One of the most revered artists — not only singer but indeed artist in the consummate sense — of all time is Prince, a legendary guitarist whose stardom soared through the eighties. With a mix of pop, funk, soul and R&B, Prince defined an era of pushing genre and pop art boundaries that may have otherwise been overshadowed by the dominance of the one and only King of Pop (Michael Jackson).
While known most for his iconic Purple Rain song released in 1984 with the film that won him an Academy Award for Best Original Song Score, Prince produced hundreds of other memorable hits throughout his storied career including Little Red Corvette (1982), 1999 (1982), When Doves Cry (1984) and Rasberry Beret (1985).
Today though, we feature Kiss, a song composed, written and produced by Prince released in 1986. Ranked by Rolling Stone magazine as one of the 500 Greatest Songs of All Time, the song peaked at number one on the Billboard Hot 100 chart and many other charts and is remembered as a fan favorite.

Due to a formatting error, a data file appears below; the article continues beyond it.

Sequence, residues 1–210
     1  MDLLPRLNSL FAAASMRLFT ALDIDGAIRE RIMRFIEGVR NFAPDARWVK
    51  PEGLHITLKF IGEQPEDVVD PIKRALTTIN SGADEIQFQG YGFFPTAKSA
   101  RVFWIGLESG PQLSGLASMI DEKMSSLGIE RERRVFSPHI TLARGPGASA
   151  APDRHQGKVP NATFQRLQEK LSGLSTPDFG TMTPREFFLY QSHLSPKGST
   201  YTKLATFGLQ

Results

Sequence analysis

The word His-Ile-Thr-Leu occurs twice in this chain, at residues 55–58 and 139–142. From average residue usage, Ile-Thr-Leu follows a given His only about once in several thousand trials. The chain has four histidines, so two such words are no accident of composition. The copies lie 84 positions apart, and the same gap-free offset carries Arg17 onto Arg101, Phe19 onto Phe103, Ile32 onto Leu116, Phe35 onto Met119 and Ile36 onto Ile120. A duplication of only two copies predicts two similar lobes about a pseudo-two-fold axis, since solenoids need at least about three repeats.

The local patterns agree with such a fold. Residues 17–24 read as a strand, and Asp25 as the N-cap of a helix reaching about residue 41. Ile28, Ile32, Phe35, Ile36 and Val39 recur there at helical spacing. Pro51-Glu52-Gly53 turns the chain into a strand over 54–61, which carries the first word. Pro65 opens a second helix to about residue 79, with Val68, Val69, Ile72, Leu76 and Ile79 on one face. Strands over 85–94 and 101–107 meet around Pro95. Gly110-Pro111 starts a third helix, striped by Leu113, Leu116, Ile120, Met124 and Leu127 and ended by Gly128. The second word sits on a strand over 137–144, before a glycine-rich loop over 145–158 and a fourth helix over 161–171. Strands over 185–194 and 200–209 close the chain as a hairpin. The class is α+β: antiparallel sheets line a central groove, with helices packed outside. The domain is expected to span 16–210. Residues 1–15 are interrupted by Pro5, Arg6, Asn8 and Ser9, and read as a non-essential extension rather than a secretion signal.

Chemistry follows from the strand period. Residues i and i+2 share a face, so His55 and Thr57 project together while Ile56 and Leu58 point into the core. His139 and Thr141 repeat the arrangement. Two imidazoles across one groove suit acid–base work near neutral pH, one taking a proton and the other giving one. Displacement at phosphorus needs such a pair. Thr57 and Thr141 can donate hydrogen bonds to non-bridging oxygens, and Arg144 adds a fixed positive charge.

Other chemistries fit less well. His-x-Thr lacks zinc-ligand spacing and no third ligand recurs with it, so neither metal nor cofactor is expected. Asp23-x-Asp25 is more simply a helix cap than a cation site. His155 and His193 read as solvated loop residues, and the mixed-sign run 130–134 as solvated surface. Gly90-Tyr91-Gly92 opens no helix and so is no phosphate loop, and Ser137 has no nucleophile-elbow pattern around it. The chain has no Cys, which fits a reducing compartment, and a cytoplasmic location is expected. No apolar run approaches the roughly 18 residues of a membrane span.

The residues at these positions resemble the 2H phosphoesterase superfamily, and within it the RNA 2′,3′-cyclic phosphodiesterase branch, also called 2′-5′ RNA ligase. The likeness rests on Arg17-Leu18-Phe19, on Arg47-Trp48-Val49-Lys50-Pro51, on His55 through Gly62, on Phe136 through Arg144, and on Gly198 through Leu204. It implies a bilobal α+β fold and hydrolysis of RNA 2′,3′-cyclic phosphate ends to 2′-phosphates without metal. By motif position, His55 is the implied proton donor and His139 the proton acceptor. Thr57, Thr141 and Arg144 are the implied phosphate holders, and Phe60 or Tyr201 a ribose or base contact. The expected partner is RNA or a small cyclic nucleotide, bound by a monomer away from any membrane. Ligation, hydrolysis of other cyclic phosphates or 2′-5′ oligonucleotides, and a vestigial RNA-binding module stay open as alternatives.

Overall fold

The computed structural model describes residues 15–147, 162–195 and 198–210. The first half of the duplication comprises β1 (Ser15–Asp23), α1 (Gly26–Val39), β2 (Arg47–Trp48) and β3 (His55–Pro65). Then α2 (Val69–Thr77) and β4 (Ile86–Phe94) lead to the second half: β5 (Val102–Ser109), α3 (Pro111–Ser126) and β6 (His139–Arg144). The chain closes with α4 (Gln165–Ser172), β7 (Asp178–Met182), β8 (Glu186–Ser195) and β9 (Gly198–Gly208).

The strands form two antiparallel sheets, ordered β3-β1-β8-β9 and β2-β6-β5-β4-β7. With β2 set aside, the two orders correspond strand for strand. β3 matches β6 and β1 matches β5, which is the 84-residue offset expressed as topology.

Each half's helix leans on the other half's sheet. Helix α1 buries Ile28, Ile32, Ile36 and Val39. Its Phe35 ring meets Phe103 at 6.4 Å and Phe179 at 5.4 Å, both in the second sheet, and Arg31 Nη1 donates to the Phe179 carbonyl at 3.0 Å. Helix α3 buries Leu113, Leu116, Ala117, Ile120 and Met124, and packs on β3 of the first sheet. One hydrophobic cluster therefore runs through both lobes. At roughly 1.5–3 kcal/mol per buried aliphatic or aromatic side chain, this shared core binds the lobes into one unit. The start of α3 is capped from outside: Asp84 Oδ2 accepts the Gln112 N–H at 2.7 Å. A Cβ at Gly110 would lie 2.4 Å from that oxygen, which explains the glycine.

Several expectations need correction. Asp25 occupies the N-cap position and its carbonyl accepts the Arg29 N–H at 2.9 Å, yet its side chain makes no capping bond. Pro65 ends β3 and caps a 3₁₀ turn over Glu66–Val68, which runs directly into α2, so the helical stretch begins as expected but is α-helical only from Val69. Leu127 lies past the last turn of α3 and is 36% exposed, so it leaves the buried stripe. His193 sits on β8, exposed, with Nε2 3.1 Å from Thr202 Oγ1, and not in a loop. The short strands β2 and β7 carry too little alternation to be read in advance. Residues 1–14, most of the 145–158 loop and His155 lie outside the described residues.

With a simple bassline marked more by its funky rhythm and simple harmonies, the song stands out for its beats that truly seem to “pop” and persist. The song is broken by timely breaks in rhythm and is driven by Prince’s transcendent vocals that wind and squeal between the heavy beats, beckoning listeners to dance and move. One of the most striking parts is the guitar solo that begins about two-thirds way into the song, starting with harmonic riffs that don’t seem to make immediate harmonic sense but nevertheless, fitting with the true definition of funk. The song persists and insists the same way Prince insists on his need for a “kiss” throughout the song.
While the sonority stands apart from the soul genre from a few decades prior to Prince’s breakout hits, the song actually stays true in lyrics and in ethos to the soulful songs of old. In much the same way James Brown beckoned and Otis Redding reassured, Prince pleads that the partner need be neither “rich” nor “cool to “rule my world.” He states that there is “no particular sign that turns me on” and that they could nevertheless “have a good time.” While the song may be more sexually explicit than those of yonder years, the sentiment backing this funky beat and soaring vocals remains the same: love is love, and the frivolous materialism of wealth and demeanor — and in this case, even clothes — are irrelevant to the depth of love symbolized by a simple kiss.